HOMILY FOR THE NINETEENTH SUNDAY IN ORDINARY TIME OF THE YEAR A
HOMILY THEME: “COURAGE! IT IS I! DO NOT BE AFRAID.”
BY: Fr. Unachukwu Cyril CCE
In doubt we give in to fear and in fear we forget who we are, we lose contact with our source of strength and with that which sustains us; we become disarmed of our spiritual powers. May Jesus always dispel our fears with a touch of His hands and strengthen always our little faith; Amen.
In the First Reading of today (I Kgs 19:9; 11-13) we heard of Elijah’s unique experience of God in “the sound of a gentle breeze.” This was a decisive moment for the prophet who was already blown out by the fiery threat of Queen Jezebel. At this point in his mission, the prophet was consumed by fear that he forgot the very omnipotent power he has within. Elijah’s sojourn into the cave was never for any form of retreat but borne out of fear of the unknown. It was made clear that “then he was afraid, and he arose and went for his life” (I Kgs 19:3). In this despair he even wished to die for he “came and sat down under a broom tree; and he asked that he might die, saying, It is enough; now, O Lord, take away my life; for I am no better than my fathers” (I Kgs 19:4). The same prophet who in the name of God and under his anointing slew 450 prophets of Baal is now out of fear running away from the threat of Queen Jezebel. This unique encounter with God in the First Reading, after the two visits of an angel to him in a dream in which he was fed in the two occasions and after his ascent up to Mount Horeb, was a moment of re-strengthening! Fear makes one loose contact with his or her source of power! Fear can make one, in front of an enemy, to forget he or she has a gun in the hand. But God has His own ways of reminding us of the power of His of presence in us and around us.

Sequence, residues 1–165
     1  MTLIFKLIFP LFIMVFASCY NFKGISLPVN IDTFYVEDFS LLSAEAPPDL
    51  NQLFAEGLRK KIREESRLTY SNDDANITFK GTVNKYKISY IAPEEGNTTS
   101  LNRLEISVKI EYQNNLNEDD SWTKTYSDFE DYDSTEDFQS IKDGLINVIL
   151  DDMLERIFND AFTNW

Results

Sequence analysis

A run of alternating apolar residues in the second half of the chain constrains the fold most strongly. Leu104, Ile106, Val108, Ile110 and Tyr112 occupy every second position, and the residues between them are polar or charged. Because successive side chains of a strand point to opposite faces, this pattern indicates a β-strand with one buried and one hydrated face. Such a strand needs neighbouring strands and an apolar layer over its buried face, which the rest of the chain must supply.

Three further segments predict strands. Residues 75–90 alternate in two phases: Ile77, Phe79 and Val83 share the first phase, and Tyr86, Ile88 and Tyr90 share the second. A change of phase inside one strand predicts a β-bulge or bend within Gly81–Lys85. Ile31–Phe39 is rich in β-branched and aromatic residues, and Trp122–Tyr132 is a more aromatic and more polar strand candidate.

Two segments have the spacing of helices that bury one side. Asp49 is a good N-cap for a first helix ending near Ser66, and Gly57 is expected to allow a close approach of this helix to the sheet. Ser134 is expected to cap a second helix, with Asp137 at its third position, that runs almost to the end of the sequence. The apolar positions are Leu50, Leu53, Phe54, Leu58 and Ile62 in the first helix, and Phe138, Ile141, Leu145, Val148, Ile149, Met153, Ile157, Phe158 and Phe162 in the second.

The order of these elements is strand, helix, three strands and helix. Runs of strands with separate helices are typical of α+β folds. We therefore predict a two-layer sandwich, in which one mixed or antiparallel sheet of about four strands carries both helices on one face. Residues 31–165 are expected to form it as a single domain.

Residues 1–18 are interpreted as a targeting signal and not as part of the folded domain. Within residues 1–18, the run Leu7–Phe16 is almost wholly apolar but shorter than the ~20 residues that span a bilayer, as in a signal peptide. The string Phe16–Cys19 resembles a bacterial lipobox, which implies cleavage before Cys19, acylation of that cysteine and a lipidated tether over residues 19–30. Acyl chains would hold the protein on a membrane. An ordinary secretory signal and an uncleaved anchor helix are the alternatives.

Humanly speaking, there are moments when it is ordinarily normal to be afraid. On the other hand, when we are or become aware of the spiritual power inside, within and around us, it becomes spiritually abnormal to confront moments of this type with fear. This is because the spiritual power within us is always stronger! The same power that made Peter in the Gospel Reading (Mt 14:22-33) to say “Lord if it is you; tell me to come to you across the water.” The same Power that said to Peter without equivocation “come.” The same power that saw Peter “walking towards Jesus across the water.” That same power said to him “why did you doubt man of little faith.” The power of faith, of our faith in the person of Jesus Christ the Lord, of our faith in “the God of Jesus Christ.” Nothing far removes us from the potence of our faith than fear and of course, fear is often the fruit of doubt, the fear of committing ourselves to the certainty of our faith, the very faith we may have doubted.
Beyond the distraction of our doubts and fears, we must always remember the potence of our spiritual lineage; the grace of our adoption as sons and daughters of God; the patriarchs and saints and many others around us now through whom God has manifested in clear terms the everlasting presence of His power amongst us; and most certainly of our sublime prodigy of being coheirs with “Christ who is above all, God for ever blessed! Amen” (Rom 9:1-5). With this in mind we can always affirm in faith and trust, “If God is for us, who can be against us?” (Rom 8:31) and remember always His perennial assurance to us “courage! It is I! Do not be afraid.”
May the grace of God firmly establish us in the potence of our faith and of God’s presence in us and lead us to live beyond every setback of fear and doubt; Amen. Happy Sunday.